He stays still for a second, just relishing the feeling of her lips against his, before he returns the kiss enthusiastically in kind. By the time she breaks it off, he’s already slightly short of breath, his eyes wide. After months of enforced chaste thoughts, this is more than he’d dared hope for. “You took the words right out of my mouth, darling.” Pyotr laughs a little, the endearment unfamiliar but wonderful on his tongue, and takes her hand. “Come on, your room or mine?”

"I think mine’s closer." This sounds like a hook-up but doesn’t feel like it at all. Kathy stares at their joined hands, frozen for several seconds, and she feels content to just stand here and let it wash over her. Watching Downton Abbey on a hotel couch would have been enough. But she can have more than that, more than she’d had in that plane to Dallas, more than she’d hoped for ever since she realized that she’s fallen for her best friend. "You’ll spend the night, won’t you?" She sounds far too hopeful and vulnerable for someone who’s won a major political victory and will help run the country for the next four years. Her grip on Pyotr’s hand tightens just a little.

For all the months they’ve spent as close friends, Pyotr doesn’t think he’s ever heard Kathy sound like this before. He feels an irrational need to protect this flash of vulnerability and hope—to nurse the flame far away from prying eyes. “If you want me to,” he promises, bending down to kiss her again. It doesn’t last longer than a few seconds this time; tempting though it is, he refuses to waste any more precious time exposed in a parking lot. He breaks away with a grin and leads the way into the hotel.

The receptionist barely glances their way as they walk past the front desk and into the waiting elevator. Kathy and Pyotr together are not an unusual sight — if the woman notices their joined hands, she doesn’t show it.

There’s a thrilling novelty in being able to stand so close to Pyotr that Kathy can feel the heat radiating off of him, even though there’s plenty of space in the otherwise empty elevator. She smiles at him, tired but happier than she’s been in months, and waits for their arrival on her floor. “You know, I’m really glad that I sold my mother out to you before the election even started. Weird as that is to say.”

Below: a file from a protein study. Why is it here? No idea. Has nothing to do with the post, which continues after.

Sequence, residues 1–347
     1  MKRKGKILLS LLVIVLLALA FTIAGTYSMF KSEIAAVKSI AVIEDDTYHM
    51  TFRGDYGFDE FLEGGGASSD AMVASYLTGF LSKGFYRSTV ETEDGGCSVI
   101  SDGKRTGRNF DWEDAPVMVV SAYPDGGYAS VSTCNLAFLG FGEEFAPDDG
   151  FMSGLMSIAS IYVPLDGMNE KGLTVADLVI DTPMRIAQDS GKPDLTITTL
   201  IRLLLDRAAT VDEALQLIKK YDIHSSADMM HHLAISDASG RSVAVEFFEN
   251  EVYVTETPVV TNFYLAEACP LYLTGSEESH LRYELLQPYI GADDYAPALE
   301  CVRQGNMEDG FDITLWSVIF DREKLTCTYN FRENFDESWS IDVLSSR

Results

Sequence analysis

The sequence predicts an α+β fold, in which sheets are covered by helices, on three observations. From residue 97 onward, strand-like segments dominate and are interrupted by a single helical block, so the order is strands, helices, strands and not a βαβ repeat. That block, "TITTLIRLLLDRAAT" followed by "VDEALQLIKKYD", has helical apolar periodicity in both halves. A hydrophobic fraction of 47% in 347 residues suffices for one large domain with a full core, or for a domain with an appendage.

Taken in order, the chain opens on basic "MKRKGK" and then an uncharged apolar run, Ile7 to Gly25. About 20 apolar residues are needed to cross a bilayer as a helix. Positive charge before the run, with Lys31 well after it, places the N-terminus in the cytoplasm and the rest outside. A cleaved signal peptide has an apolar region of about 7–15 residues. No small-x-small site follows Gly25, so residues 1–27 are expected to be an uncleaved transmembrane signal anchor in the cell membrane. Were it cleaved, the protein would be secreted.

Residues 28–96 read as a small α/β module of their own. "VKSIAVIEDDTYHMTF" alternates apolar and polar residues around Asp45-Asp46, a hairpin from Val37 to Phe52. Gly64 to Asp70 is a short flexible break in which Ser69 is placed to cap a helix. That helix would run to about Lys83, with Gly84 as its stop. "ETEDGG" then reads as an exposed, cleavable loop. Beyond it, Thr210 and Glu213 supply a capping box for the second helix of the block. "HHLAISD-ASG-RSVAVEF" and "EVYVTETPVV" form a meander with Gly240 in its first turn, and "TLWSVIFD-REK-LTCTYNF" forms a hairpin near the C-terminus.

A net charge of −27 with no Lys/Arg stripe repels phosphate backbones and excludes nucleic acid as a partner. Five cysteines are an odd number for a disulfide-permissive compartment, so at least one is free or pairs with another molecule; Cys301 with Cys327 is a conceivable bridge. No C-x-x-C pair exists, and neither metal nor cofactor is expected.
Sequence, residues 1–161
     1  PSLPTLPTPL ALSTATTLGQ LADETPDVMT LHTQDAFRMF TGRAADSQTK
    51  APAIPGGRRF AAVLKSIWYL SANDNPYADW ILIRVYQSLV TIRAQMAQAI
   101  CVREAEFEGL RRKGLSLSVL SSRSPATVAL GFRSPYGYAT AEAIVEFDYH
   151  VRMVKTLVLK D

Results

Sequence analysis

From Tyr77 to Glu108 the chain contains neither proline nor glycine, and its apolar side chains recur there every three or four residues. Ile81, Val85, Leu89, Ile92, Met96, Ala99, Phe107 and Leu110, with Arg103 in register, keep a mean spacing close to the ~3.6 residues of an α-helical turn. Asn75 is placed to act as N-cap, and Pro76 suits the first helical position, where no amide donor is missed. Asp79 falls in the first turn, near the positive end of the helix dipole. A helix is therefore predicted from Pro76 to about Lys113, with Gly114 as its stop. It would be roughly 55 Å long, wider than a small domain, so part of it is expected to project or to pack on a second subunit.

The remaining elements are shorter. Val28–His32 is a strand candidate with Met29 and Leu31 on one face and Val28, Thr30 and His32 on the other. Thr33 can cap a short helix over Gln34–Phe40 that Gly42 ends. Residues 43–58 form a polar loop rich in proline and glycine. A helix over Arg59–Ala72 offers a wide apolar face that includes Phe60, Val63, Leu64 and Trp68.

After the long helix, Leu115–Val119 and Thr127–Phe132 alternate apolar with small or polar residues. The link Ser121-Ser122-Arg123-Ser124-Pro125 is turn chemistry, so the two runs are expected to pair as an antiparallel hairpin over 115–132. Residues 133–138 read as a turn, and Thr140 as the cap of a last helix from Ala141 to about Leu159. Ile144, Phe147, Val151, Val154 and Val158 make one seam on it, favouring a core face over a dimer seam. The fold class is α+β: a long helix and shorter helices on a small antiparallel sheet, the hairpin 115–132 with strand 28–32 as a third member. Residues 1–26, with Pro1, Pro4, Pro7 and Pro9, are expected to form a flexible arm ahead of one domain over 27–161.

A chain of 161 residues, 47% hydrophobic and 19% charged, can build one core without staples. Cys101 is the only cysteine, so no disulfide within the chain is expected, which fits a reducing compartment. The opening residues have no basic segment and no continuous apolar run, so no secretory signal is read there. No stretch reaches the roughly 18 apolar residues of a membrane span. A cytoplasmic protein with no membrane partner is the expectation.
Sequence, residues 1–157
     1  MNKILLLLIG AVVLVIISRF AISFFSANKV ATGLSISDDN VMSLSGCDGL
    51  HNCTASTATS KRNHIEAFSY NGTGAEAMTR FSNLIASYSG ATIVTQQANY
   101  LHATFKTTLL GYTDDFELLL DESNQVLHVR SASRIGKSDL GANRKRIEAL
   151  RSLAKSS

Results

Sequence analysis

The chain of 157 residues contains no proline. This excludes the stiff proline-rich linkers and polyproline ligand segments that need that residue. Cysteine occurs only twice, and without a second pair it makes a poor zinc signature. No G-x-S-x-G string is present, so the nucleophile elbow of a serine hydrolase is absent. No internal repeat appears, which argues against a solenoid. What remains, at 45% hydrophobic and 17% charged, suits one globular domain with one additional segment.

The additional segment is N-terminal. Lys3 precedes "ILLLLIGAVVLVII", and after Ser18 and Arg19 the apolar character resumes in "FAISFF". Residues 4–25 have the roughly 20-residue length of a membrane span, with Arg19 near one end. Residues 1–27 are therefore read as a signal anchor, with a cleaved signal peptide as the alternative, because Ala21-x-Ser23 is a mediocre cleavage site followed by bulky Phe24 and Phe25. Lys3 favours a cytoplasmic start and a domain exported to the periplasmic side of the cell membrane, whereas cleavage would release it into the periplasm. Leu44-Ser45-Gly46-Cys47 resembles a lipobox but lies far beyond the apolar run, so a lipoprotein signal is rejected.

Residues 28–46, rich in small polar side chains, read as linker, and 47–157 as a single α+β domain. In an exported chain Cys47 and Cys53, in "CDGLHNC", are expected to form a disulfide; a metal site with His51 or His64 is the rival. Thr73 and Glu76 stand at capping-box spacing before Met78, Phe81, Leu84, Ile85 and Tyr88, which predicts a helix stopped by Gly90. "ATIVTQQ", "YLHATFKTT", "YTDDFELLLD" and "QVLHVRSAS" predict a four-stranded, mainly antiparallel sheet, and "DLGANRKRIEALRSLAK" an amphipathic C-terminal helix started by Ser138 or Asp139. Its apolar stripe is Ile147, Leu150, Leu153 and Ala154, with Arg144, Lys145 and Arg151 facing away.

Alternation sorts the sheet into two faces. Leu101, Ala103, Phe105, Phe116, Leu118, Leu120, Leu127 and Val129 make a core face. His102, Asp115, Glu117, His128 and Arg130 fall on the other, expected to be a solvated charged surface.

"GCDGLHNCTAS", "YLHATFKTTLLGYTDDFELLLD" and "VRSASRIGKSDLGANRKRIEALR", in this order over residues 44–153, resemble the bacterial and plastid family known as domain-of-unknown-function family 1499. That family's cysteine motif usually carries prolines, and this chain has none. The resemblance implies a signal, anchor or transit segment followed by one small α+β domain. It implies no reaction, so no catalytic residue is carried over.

"So am I. Though I think we might need to come up with a more sanitized version to share with people when they ask how we met.” The fact that Kathy’s standing so close to him is reason enough to smile—but it widens further still at the simple fact that he can now say ‘we’ without feeling weird about it. “They don’t get to know the dirty little details.” The elevator arrives on Kathy’s floor with a pleasant ‘ding’, and he leads the way out once again. The hideously patterned carpet and off-white hallway seem so bizarrely banal after everything that’s happened tonight. “Will people be wondering where you are? Your mum?”

"Mm, what shall we tell them? I tempted you with a story and you just couldn’t resist sticking around, good journalist that you are?" She flashes an amused smile, using her free hand to rummage through her purse in search of the key. "You were mum’s contact first, I suppose we can just stick with that. And I told her that I won’t be sticking around for very long. I’m sure no one will raise the alarms until well into tomorrow." She’s extremely satisfied to have that little bit of freedom, at least.

Party in the USA ~ Pyotr & Kathy (Political Animals AU)

pyotrfyodorovich:

kathymoran:

pyotrfyodorovich:

kathymoran:

pyotrfyodorovich:

kathymoran:

"I can’t believe we’re talking about this in your car in a hotel parking lot." She gives an exhilarated, half-nervous laugh, but her shoulders are already dropping in relief. "Do or do not," she says, grinning happily. "There is no try. Now come on." She opens the door and steps out into the cool air. This is real, somehow. "You promised me twelve hours."

“Where would you rather we talked about it?” he asks, his lips curving up in a sly, thoroughly happy smirk. “Sitting in the hotel lobby? Back at the party? I’m sorry we had to settle for something so unromantic.” On a night of miracles, this seems to be the most miraculous occurrence of all. He grins and eagerly clambers out of the car, none too gracefully. At least Pyotr manages to stay upright as he comes round to Kathy’s side of the vehicle. “Oh, I think we can do better than twelve hours,” he offers, raising a slightly suggestive eyebrow. “What say you we go on up and get started?”

"Very smooth," she comments with a an amused smile, then gives in to the desire to do what she’s wanted to do for months, and lifts her chin up to kiss him. It’s better than she remembers from the Dallas flight, better than what she’s allowed herself to fantasize about. It’s a few seconds before her publicity-paranoia kicks in and she makes herself pull back. "How about we put a rain-check on the Netflix-viewing idea, hmm?"